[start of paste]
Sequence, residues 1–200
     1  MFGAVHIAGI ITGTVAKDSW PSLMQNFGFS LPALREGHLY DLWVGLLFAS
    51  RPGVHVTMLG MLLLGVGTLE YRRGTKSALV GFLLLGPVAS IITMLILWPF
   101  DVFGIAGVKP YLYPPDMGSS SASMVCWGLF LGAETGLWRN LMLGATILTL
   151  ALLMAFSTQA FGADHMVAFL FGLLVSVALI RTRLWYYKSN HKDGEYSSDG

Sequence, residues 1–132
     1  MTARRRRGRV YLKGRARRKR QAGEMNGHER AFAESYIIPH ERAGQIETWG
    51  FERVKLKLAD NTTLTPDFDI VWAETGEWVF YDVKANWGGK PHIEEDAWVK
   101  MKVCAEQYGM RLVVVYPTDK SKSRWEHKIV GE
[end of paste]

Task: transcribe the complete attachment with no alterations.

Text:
Sequence, residues 1–200
     1  MFGAVHIAGI ITGTVAKDSW PSLMQNFGFS LPALREGHLY DLWVGLLFAS
    51  RPGVHVTMLG MLLLGVGTLE YRRGTKSALV GFLLLGPVAS IITMLILWPF
   101  DVFGIAGVKP YLYPPDMGSS SASMVCWGLF LGAETGLWRN LMLGATILTL
   151  ALLMAFSTQA FGADHMVAFL FGLLVSVALI RTRLWYYKSN HKDGEYSSDG

Sequence, residues 1–132
     1  MTARRRRGRV YLKGRARRKR QAGEMNGHER AFAESYIIPH ERAGQIETWG
    51  FERVKLKLAD NTTLTPDFDI VWAETGEWVF YDVKANWGGK PHIEEDAWVK
   101  MKVCAEQYGM RLVVVYPTDK SKSRWEHKIV GE